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Policy S7 Burial space

S7

  1. Cemeteries should be protected and the re-use of burial space supported.
  2. When preparing Development Plans, boroughs should ensure provision is made for the different burial needs and requirements of London’s communities, including for those groups for whom burial is the only option. Cross-borough and/or sub-regional working is encouraged where appropriate to identify and address the requirements of these groups and to tackle burial space shortages within the sub-region.
  3. Development proposals for new cemetery provision should be supported. This may include provision in one borough to assist faith groups from another borough facing burial space shortages.

In assessing the requirements for burial space, account should be taken of the fact that different faith groups have different needs for burial provision. In London, the demand for burial space for particular faith groups is not always well matched with the availability of burial space. Some boroughs have little or no burial space available[70]. For inner and central London boroughs, this requires them to seek provision in outer London or beyond. This can cause problems of access and cost which has a disproportionate effect on London’s poorest communities. It also risks undermining community cohesion and social integration. The Mayor favours the principle of proximity as a general rule, but there may be cases where meeting the needs of residents in one borough may require burial provision to be located in another borough. This may require a sub-regional approach to the provision of burial space.

[70] An Audit of London Burial Provision – A report for the Greater London Authority by Julie Rugg and Nicholas Pleace, Cemetery Research Group University of York 2011,available from https://www.london.gov.uk/what-we-do/planning/london-plan/london-plan-te...

The re-use of graves can provide some additional capacity. Both Section 74 of the Local Authorities Act 2007 and Section 25 of the Burial Act 1857 allow for the re-use of graves in certain circumstances and boroughs are encouraged to actively examine the potential that re-use offers them.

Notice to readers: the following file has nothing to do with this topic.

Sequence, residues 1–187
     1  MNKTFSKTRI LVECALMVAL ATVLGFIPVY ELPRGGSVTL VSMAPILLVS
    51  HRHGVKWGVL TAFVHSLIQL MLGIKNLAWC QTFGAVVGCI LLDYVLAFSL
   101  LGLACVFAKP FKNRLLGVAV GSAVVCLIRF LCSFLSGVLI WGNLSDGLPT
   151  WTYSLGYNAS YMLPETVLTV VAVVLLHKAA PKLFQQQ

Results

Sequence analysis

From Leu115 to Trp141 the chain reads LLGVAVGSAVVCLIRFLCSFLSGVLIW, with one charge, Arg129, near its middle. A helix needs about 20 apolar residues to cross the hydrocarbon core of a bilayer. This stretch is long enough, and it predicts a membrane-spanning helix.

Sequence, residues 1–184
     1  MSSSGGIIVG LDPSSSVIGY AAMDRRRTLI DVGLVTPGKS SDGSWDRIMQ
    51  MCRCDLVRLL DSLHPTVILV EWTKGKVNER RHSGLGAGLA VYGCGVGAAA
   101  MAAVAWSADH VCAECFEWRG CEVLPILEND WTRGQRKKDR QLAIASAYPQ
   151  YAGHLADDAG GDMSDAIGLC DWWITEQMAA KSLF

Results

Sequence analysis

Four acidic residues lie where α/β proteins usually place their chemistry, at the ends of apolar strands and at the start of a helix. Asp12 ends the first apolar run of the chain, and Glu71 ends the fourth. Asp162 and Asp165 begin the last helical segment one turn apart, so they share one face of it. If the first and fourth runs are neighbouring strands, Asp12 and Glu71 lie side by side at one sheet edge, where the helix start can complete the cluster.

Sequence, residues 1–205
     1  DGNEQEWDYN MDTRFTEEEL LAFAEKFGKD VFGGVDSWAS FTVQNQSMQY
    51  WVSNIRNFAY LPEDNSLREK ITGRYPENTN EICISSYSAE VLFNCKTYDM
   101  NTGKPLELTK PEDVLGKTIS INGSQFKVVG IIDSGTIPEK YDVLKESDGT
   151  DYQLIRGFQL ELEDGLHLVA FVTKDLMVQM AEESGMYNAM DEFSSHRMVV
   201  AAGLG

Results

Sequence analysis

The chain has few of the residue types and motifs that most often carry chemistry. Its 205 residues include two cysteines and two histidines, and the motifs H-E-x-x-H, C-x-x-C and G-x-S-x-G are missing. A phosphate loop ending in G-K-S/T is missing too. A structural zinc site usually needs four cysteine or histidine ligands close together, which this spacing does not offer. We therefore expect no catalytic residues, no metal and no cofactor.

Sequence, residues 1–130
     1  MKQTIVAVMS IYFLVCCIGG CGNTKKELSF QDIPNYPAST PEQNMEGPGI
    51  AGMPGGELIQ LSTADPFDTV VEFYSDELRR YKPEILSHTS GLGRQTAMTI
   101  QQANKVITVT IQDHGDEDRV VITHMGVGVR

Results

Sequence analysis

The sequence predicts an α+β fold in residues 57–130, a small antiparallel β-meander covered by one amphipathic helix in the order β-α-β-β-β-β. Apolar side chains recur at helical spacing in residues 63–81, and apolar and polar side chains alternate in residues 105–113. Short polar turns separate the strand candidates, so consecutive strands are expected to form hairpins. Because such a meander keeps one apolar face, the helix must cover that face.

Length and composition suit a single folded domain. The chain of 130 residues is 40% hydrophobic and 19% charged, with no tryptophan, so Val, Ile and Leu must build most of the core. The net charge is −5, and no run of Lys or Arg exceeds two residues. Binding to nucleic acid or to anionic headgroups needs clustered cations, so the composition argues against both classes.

Ensuring that community and cultural facilities and services required to meet local needs are planned for and provided is one of the core principles of the planning system. Provision of facilities for cemeteries may not be inappropriate development in the Green Belt or on Metropolitan Open Land as long as it preserves the openness and does not conflict with the purposes of including land within it.

When making new provision, boroughs are encouraged to take into account the Mayor’s broader aims for green infrastructure and the natural environment, including, but not limited to, the creation of new parks and open spaces, the enhancement of existing open spaces and natural environments, and the provision of enhanced links to London’s green infrastructure. Woodland or parkland burial grounds can offer broad burial provision as well as wider public access. Amenity provision and environmental enhancements should be encouraged.

Boroughs should continue to make traditional burial provision but innovative approaches to the provision of community burial space, particularly in inner and central London, may also need to be taken. These could include creating public gardens for the burial of ashes on underused pockets of open land, parkland and brownfield land. Such gardens could also offer broader community utility, improved amenity provision and environmental enhancement.